Object #1006240 from MS-Papers-0032-0030
From: Native Minister - Administration of native affairs, Reference Number MS-Papers-0032-0030 (32 digitised items). Includes a letter in Maori with translation for an article in Waka Maori newspaper
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Mr. Gillies speech at the Mechanics Institute fully reveals the two objects of his animosity the Loan Policy, and the Native Administration. He very properly acknowledges that the policy of the Government with regard to the loan, to immigration, and to public works is now laid -- and that a vote of the House has effectually quenched even his powers of opposition. Hence it might be reasonably supposed that a mind of such capacity as that of Mr. Gillies could be brought to understand that there is a chance that a series of measures recognized by a majority of as prolific of good to the country, may possibly prove a benefit. Not so however, the contrary is the case; and Mr.Gillies rises more defiant than ever, talks about what he would do were the adopted policy yet before the House, rises more defiant than ever, spurns the idea of success attending Measures disapproved of by him, and rushes snarling into the Arena. He states it will be the duty of representatives to watch over the Expenditure of the loan: of course it will; this is a palpable truism; but we regret to say that to this ''one pennyworth of bread'' there is ''an intolerable quantity of soup'' in the shape of fustian and cucumber after a magnamimous confession of the honesty of all New Zealand politicians he goes on to state his fears that, owing to the weakness of human nature, sons and friends and relations of
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Ministers will obtain billets, and that the money raised will be squandered on useless officials Mr. Gillies when speaking thus had evidently in mind a series of unuttered
syllogisms running somewhat after this fashion ''All New Zealand politicians are honest; I am a New Zealand politician; therefore I am honest'': ''All Governments having the disposal of large sums are apt to waste, if not job; the present Government will have the disposal of large sums; they will therefore waste, if not job''. The corollary to be drawn from the above is evident; there is but one man, devoid of human weakness, on whose incorruptible shoulders should fall the task of carrying out a policy ready found to his hand and of directing the expenditure; and that man is Mr.Gillies.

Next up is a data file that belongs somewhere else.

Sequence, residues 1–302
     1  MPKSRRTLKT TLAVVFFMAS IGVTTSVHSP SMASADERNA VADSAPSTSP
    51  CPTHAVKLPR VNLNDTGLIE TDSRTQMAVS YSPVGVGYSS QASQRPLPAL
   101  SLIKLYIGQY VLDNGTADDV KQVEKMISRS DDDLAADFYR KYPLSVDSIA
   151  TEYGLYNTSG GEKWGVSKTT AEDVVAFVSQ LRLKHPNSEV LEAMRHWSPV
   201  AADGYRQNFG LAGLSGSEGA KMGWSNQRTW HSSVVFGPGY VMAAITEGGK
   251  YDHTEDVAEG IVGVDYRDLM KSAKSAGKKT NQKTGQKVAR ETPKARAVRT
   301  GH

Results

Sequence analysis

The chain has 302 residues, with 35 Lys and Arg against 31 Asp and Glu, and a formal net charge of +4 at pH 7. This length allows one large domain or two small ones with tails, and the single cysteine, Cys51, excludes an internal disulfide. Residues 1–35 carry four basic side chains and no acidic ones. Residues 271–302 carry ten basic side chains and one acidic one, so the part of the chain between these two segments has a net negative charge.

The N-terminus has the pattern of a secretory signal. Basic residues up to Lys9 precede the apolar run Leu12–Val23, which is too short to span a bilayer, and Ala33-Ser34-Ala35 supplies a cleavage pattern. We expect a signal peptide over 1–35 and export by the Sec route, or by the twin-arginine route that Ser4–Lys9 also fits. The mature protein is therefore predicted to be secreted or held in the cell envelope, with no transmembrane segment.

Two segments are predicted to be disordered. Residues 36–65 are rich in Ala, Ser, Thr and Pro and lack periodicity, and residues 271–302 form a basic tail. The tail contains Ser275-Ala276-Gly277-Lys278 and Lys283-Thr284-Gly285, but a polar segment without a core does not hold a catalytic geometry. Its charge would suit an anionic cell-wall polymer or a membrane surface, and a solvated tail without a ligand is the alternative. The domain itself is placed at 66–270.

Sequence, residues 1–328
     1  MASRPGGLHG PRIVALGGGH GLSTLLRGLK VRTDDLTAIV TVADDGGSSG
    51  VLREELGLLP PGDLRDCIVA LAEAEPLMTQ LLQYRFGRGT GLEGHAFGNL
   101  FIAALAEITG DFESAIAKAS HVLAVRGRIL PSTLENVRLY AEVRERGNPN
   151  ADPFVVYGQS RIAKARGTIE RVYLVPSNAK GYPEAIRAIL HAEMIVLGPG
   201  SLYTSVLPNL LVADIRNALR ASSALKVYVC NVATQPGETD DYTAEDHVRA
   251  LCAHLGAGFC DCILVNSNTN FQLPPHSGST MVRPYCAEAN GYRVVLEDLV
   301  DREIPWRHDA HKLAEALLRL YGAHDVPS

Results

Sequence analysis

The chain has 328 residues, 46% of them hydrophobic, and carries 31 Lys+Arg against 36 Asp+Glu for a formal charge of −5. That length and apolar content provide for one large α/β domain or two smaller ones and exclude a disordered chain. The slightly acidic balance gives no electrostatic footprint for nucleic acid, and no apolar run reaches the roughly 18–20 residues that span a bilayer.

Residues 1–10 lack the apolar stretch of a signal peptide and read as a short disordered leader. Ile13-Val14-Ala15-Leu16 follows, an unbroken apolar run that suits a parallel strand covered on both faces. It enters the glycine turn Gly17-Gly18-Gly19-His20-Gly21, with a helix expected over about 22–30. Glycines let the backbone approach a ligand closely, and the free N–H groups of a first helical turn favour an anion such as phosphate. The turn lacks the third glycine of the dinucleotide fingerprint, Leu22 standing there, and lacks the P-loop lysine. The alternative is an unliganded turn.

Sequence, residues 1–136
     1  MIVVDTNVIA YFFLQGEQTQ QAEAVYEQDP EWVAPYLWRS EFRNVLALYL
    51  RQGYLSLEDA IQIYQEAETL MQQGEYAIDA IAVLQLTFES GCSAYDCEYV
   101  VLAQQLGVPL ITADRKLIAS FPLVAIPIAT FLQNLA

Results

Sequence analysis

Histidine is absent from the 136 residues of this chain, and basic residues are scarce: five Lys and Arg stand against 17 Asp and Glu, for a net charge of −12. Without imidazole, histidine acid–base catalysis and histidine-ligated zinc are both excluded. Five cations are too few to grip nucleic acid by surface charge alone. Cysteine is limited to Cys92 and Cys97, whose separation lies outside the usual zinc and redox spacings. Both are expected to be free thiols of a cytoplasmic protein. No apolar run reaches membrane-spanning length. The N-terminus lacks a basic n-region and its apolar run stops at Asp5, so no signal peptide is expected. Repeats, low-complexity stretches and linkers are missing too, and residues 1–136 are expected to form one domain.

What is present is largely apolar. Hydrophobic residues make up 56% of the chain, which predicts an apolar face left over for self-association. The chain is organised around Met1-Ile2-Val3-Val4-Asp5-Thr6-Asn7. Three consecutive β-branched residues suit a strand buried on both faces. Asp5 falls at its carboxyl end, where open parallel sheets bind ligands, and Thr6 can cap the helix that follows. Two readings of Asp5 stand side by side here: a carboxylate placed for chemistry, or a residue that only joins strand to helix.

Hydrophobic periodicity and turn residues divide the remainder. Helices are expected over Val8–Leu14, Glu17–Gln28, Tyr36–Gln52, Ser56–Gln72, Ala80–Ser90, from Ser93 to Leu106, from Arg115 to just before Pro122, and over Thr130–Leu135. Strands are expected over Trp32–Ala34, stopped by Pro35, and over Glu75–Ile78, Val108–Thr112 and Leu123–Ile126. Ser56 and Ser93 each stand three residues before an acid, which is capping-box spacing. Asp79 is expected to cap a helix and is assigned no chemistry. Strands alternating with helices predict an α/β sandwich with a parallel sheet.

The loan policy is the scheme of the present Government; it is to be presumed that they saw their way clearly before promulgating it; it is now law; and any Ministry replacing them would be bound to enforce it, with what chances of success we will not say. As then it has to be carried into operation, where is the advantage of removing the workmen who elaborated the machine and entrusting its working to others whose first aim would be to take away a wheel here, cut away a band there and stint the moving power till the whole ended in a general smash. If the measures be good, as affirmed by the House, let the authors reap the credit of them; if bad, let them bear the opprobium. But, for the sake of the Country, let us have no factious opposition which will, for the mere sake of having prophesied truly, only bring on the ruin which Mr. Gillies so lamentably foretells.
Native Minister - Administration of native affairs, Reference Number MS-Papers-0032-0030 (32 digitised items)
Series 7 Official papers, Reference Number Series 7 Official papers (3737 digitised items)
McLean Papers, Reference Number MS-Group-1551 (30238 digitised items)
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